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Monday, April 21, 2014

ESPN: W. P. Kinsella: Where It Began: “Shoeless Joe”

Reflections on the 25th Anniversary of Field of Dreams:

I replied that to me, writing a novel was akin to a baker baking a loaf of bread: So long as the buyers pay for the bread, they were free to do with it as they chose. If they made dainty sandwiches, fine. If they fed it to their gerbils, fine. I realized that most books optioned for movies became gerbil food. I’ve never understood authors who are proprietary with their work, fighting any changes of plot or character. All I care about is being properly paid.

“Field of Dreams” was a stunning exception. I wept when I read the finished screenplay. “This is my own work doing this to me,” I said. “How can this happen?”
. . .
I loved the movie. Novels and movies are entirely different art forms. I don’t see how Phil Robinson could have done a better job of successfully transferring one to the other.

How have things changed in the past 25 years since the release of the movie? Fathers and sons still bond playing catch, still attend baseball games together, still share warm and luminous memories of games and players gone but not forgotten.

I have received letters from every part of the world, mainly from younger men, about how the ending of the movie affected them. Moved by those final scenes, men traveled, often thousands of miles, to take their fathers to baseball games, or just to have a catch in the backyard.

Much more in TFA.

The Yankee Clapper Posted: April 21, 2014 at 03:48 PM | 98 comment(s) Login to Bookmark
  Tags: authors, baseball movies, books, catching, field of dreams, iowa, movies, shoeless joe jackson

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   1. Publius Publicola Posted: April 21, 2014 at 07:40 PM (#4690639)
And the cat's in the cradle and the silver spoon
Little boy blue and the man on the moon
When you comin' home dad?
I don't know when, but we'll get together then son
You know we'll have a good time then
   2. Rennie's Tenet Posted: April 21, 2014 at 07:57 PM (#4690648)
"Cat's in the Cradle" is reality. I took my dad, then in his 80s, on a train trip across the country about ten years ago. There were no guys we ran across during the trip who weren't really interested in it, and it's clear a lot of guys have something like it on their "someday" list.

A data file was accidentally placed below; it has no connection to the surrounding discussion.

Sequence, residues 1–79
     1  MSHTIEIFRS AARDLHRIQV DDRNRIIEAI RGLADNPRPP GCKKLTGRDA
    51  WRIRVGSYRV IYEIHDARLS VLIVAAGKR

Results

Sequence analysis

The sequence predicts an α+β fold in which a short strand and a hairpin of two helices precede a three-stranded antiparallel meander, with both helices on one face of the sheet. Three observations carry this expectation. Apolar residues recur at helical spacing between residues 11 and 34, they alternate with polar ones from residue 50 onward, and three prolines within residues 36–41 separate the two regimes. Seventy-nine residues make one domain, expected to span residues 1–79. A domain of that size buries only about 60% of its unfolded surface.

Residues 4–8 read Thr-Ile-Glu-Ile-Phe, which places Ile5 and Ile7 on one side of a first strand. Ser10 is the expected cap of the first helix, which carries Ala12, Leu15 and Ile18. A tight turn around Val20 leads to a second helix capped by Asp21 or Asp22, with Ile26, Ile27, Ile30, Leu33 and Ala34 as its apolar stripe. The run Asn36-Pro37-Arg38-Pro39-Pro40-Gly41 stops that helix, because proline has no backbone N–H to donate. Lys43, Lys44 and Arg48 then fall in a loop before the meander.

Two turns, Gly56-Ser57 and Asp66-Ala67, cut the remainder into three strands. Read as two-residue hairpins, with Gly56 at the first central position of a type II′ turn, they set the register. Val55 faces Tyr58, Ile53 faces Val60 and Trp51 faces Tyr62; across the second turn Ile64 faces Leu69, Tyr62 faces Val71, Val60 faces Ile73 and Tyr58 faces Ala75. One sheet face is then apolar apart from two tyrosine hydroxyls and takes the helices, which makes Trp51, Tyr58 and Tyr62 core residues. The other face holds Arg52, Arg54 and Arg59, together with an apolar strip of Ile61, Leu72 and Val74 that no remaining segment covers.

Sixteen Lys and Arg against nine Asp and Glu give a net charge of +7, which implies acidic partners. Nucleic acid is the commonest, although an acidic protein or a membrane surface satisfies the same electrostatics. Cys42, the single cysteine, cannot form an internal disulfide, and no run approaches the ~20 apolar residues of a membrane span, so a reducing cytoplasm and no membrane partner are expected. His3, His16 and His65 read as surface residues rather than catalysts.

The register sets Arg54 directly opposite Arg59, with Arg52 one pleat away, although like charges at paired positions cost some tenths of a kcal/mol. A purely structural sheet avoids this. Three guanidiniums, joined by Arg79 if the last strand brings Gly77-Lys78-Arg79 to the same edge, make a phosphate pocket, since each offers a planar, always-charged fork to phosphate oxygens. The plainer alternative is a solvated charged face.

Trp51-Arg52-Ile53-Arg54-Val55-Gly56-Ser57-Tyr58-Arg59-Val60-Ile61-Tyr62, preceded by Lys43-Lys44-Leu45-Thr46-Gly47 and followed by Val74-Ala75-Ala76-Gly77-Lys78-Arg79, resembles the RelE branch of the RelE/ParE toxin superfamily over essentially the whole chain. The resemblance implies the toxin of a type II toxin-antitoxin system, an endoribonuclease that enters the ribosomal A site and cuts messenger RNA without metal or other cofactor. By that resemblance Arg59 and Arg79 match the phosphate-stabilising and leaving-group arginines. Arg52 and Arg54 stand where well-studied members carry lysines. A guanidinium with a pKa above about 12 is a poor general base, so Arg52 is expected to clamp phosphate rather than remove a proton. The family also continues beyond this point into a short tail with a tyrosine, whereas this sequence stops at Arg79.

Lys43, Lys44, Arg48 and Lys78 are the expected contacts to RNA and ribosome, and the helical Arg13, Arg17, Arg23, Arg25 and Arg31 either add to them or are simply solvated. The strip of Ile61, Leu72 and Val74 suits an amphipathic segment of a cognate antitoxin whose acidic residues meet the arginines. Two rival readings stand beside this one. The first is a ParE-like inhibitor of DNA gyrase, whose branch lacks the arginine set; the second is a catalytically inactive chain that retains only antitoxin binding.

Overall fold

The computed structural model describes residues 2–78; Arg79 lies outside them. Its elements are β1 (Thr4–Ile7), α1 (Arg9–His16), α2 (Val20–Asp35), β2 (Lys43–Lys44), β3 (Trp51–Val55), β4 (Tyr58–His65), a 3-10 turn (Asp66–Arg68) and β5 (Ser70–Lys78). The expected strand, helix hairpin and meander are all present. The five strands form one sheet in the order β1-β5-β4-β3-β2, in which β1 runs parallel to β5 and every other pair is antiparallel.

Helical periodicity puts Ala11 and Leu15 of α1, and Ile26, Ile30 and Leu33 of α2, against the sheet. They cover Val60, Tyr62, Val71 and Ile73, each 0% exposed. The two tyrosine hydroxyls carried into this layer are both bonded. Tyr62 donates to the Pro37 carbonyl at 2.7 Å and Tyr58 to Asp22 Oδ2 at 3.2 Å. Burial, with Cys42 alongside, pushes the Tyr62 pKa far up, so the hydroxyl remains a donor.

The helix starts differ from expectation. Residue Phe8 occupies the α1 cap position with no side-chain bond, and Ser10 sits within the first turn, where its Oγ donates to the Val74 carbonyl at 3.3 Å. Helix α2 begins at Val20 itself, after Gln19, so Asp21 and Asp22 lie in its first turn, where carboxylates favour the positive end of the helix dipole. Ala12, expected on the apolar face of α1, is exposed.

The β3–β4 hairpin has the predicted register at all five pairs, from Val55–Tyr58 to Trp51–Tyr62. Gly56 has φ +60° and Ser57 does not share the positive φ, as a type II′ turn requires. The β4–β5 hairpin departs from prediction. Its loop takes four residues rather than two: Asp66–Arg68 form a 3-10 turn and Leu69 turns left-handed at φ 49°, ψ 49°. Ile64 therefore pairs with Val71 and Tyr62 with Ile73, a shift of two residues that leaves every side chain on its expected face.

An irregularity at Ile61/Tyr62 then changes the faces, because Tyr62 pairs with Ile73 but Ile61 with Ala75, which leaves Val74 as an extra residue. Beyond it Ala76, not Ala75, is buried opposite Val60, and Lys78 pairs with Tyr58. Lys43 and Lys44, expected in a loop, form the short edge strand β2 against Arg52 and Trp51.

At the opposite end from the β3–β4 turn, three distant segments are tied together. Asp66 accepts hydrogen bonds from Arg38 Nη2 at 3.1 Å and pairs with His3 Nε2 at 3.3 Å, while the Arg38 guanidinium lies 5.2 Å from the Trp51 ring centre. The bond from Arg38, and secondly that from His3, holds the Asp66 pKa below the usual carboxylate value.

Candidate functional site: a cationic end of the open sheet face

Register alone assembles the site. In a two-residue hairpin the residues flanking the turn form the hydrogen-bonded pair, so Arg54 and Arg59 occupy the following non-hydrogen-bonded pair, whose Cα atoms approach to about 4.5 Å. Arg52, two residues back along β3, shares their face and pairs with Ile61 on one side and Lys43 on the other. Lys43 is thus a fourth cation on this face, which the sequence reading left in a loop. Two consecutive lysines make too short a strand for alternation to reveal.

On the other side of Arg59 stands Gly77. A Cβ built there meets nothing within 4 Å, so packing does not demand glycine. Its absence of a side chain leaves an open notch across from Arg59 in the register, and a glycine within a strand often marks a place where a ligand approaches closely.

3. David Nieporent (now, with children) Posted: April 21, 2014 at 08:09 PM (#4690654)
"Cat's in the Cradle" is reality. I took my dad, then in his 80s, on a train trip across the country about ten years ago. There were no guys we ran across during the trip who weren't really interested in it, and it's clear a lot of guys have something like it on their "someday" list.
I'm taking my Dad on a trip to Europe next month for his 70th birthday. He's very healthy for a 70-year old -- in a lot better shape than I am -- but he is 70, and I don't want to wait. (Lost my mother far too young, 15 years ago.) (Of course, after spending a couple of weeks with him, I may want to shove him in front of a train, but we'll play that by ear.)
   4. David Nieporent (now, with children) Posted: April 21, 2014 at 08:11 PM (#4690656)
Still haven't read the book, but the movie does get to me, despite the fact that Joe Jackson was, in fact, a left-handed crook, not a right-handed martyr.
   5. winnipegwhip Posted: April 21, 2014 at 10:43 PM (#4690796)
All I can say is I don't think I can leave an elongated comment on this thread no matter which direction it goes without feeling some emotion.

Good for you Rennie. My best wishes on your adventure David.
   6. Lassus Posted: April 21, 2014 at 11:00 PM (#4690807)
My dad worked just about every day if his life from age 5 to age 65 but never had a crazy office job, so I never really felt the Harry Chapin (my college roommate's (late) uncle, actually) thing. We hung out constantly, even after him and my mom broke up when I was 14. He would find a trip to Europe grueling, he's a strict Florida or Vegas man.
   7. Jolly Old St. Nick Still Gags in October Posted: April 21, 2014 at 11:16 PM (#4690816)
Worst. Baseball. Movie. Ever. Next. to. Bang. The. Drum. Slowly. Worse. Than. A. Root. Canal.
   8. Omineca Greg Posted: April 21, 2014 at 11:25 PM (#4690819)
I met ole' W.P. once, at a book signing. It was a little surreal, as I live in one of the more remote areas in North America...although I guess he does too... but here he was, touring, pressing the flesh, and flogging his books like a carney or a medicine show shyster. I mean hard sell...

Are your books for young people?

They're for all people..young, old and inbetween!

I don't really like baseball...would I still like your book?

Of course, the baseball part is just a vehicle for the real narrative!

I love baseball, is that what you write about?

Baseball, and nothing but!

I'm native, did you appropriate my voice?

My stories are skookum, all the way!

I admired his shameless hucksterism...if he was stuck in the middle of nowhere, he was at least going to move some units.





   9. SoSHially Unacceptable Posted: April 21, 2014 at 11:29 PM (#4690821)
I'm envious of Rennie's trip and wish David best of luck on his.
   10. Pasta-diving Jeter (jmac66) Posted: April 21, 2014 at 11:43 PM (#4690827)
Worst. Baseball. Movie. Ever. Next. to. Bang. The. Drum. Slowly. Worse. Than. A. Root. Canal.

but no worse than a bad cold
   11. base ball chick Posted: April 22, 2014 at 12:17 AM (#4690834)
well